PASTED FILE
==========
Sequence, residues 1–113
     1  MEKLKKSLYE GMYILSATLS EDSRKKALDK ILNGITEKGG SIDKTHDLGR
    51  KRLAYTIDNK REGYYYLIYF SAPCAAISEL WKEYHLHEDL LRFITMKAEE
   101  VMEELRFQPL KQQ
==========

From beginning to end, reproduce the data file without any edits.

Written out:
Sequence, residues 1–113
     1  MEKLKKSLYE GMYILSATLS EDSRKKALDK ILNGITEKGG SIDKTHDLGR
    51  KRLAYTIDNK REGYYYLIYF SAPCAAISEL WKEYHLHEDL LRFITMKAEE
   101  VMEELRFQPL KQQ